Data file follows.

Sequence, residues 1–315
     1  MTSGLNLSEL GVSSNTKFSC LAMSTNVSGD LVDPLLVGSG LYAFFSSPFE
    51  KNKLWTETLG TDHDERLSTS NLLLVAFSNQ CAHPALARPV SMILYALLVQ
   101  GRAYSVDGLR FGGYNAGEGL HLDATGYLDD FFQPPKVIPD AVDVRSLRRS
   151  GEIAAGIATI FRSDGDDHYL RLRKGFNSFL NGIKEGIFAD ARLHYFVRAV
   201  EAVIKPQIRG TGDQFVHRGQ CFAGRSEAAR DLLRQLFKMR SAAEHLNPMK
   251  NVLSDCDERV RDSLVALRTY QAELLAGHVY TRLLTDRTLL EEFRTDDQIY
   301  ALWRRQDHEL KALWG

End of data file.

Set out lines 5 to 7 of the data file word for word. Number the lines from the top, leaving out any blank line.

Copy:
   151  GEIAAGIATI FRSDGDDHYL RLRKGFNSFL NGIKEGIFAD ARLHYFVRAV
   201  EAVIKPQIRG TGDQFVHRGQ CFAGRSEAAR DLLRQLFKMR SAAEHLNPMK
   251  NVLSDCDERV RDSLVALRTY QAELLAGHVY TRLLTDRTLL EEFRTDDQIY